That was the underlying question throughout the Body Computing conference (BCC) last Friday in Los Angeles. The conversation in Digital Health is maturing, and the question facing all parties is, what's in it for me? Investors want to know if there are significant returns to be made, entrepreneurs want to know if they will be rewarded for taking risks, physicians want to know if clinical decision support will be helped or hindered, and consumers want to know if they can prevent disease or better manage an existing disease. That's just a few of the interested parties. Many more are curious about the potential value of sensors that could collect data about each of us in real-time.
I really enjoyed listening to the talk by Dr David Beiser during the session on virtual visits. When we think about sensors and the type of data we might be able to collect on people and how frequently, he really made me stop and think with this one question.
Do we need to be collecting more data on people? Even though we have lots of data already, it's sometimes not enough to answer questions that arise in pharmaceutical research. For example, I regularly use a database with the health insurance claims for 100+ million Americans. It sounds like a huge database, right? Well, if I have to answer a question which involves a rare disease and/or a rare event, even this seemingly giant database sometimes doesn't have enough patients available to analyse. Could we one day have a database which captures health data in real-time on the health of not just an entire country, but multiple countries? Is that going to be the made possible by existing organisations? Or will be it be done by new organisations that bypass traditional infrastructures and develop new methods of both collecting, sharing and making sense of these data? New organisations such as British startup, uMotif, whose founder & CEO, Bruce Hellman spoke at BCC and announced their plans to create the world's largest health self-management dataset.
As mentioned in my last blog post, my slot to speak at the conference was on Consumer Wants & Needs, and I shared the results of my survey. Over the course of 4 days, 886 people had opened the survey, but only 86 had responded, giving me a response rate of 9.7%. Not bad for an impromptu survey over a couple of days. The slides below reflect responses one week after the conference, now with 94 responses. Looking at the geodemographics of responders.
- 62% were outside the USA
- 60% were men
- 92% were between 25-55
I acknowledge the results are not representative of the population as a whole, given that I didn't get anyone aged 65 or older responding (and that group is likely to contain the heaviest users of health & social care).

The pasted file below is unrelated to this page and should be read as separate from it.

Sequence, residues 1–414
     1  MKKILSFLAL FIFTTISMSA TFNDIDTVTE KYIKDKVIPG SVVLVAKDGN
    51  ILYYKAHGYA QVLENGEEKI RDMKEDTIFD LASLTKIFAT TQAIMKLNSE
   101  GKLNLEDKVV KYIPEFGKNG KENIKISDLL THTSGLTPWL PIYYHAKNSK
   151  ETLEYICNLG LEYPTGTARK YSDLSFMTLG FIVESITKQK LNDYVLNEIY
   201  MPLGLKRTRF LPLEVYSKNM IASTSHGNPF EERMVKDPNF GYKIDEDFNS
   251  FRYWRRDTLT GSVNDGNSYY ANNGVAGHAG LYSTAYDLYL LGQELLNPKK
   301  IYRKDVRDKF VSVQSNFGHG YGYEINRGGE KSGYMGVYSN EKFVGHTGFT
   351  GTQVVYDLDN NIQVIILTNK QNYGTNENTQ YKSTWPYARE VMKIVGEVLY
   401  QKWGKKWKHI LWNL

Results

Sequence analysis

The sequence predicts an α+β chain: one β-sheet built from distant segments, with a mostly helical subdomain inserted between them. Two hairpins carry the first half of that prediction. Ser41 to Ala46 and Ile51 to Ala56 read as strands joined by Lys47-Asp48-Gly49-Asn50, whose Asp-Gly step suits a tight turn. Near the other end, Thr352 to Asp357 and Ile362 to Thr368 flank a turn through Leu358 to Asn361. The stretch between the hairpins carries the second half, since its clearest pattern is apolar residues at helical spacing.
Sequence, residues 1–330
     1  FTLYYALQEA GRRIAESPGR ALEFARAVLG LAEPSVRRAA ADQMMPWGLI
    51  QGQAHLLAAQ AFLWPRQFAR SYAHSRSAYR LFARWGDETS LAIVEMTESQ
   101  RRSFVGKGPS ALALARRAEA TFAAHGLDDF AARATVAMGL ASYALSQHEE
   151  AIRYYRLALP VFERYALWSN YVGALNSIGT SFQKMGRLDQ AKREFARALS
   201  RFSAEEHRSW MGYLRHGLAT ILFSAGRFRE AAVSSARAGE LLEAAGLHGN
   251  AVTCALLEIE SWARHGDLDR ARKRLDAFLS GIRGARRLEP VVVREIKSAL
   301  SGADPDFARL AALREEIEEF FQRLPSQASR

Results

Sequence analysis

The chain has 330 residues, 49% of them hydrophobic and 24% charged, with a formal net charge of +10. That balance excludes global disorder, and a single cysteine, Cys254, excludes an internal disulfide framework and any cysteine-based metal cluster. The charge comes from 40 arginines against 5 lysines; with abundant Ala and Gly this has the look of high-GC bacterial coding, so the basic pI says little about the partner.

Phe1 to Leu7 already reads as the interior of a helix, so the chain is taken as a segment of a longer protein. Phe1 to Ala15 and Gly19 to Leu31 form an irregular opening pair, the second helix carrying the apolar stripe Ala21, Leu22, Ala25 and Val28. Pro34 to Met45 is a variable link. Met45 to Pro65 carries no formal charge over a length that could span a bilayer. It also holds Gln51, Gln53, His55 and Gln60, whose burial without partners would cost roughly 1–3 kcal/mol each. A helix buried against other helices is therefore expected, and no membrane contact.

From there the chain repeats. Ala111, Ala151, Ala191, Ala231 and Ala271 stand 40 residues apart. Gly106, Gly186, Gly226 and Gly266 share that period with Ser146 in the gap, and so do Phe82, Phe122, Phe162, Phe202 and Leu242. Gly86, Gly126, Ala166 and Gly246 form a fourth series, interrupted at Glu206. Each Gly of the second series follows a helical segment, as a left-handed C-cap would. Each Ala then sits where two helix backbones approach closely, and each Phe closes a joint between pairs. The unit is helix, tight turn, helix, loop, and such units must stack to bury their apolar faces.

I asked 7 questions about sensors, and the answers to these 4 questions in particular were of most interest to me.
- Would you wear a smartwatch if it could improve your health? 81% said Yes
- Would you considering implanting a sensor under your skin if it could improve your health? 49% said Yes
- Would you want a smartphone to diagnose illness without having to visit a doctor? 74% said Yes
- Would you share data from your body if you got paid to share the data? 57% said Yes
I deliberately allowed only an answer of Yes or No to my questions when designing the survey. As it turns out, I received feedback from people who told me they didn't respond to the survey, as there wasn't an option to answer 'Maybe' or 'It depends'. Especially regarding the question on sharing data from your body if you were paid for that data. For example, their answer might change depending upon whether it's Google vs their hospital wanting to buy their data. Including a 'Maybe' option in future surveys is something I will definitely do, I wonder how many of the people who answered 'No' in my survey were actually 'Maybe'. Some people even emailed me to request that there be a option to answer each question with free text, as they had many questions and concerns that they wanted to share. This experience only serves to remind me that understanding the wants & needs of consumers is not cut & dried.
I was surprised at how many people said Yes for the smartwatch question, given that the smartwatches already in the market are not particularly good, and it's such a new market too. I know of organisations developing sensors that would be implanted underneath our skin, and I'm also surprised to see almost half of people would consider the implanted sensor. When it comes to the idea of a smartphone diagnosing illness without having to visit a doctor, I'm not surprised at all. Using the healthcare system can often be 'disruptive' to your life. Making an appointment, waiting a week or more for the appointment, taking time off work for the appointment, and so on. When it comes to being paid to share data from your body, I wonder if I had made that a two part question, with the second part of the question asking which organisation you would be most willing to share your data with for payment.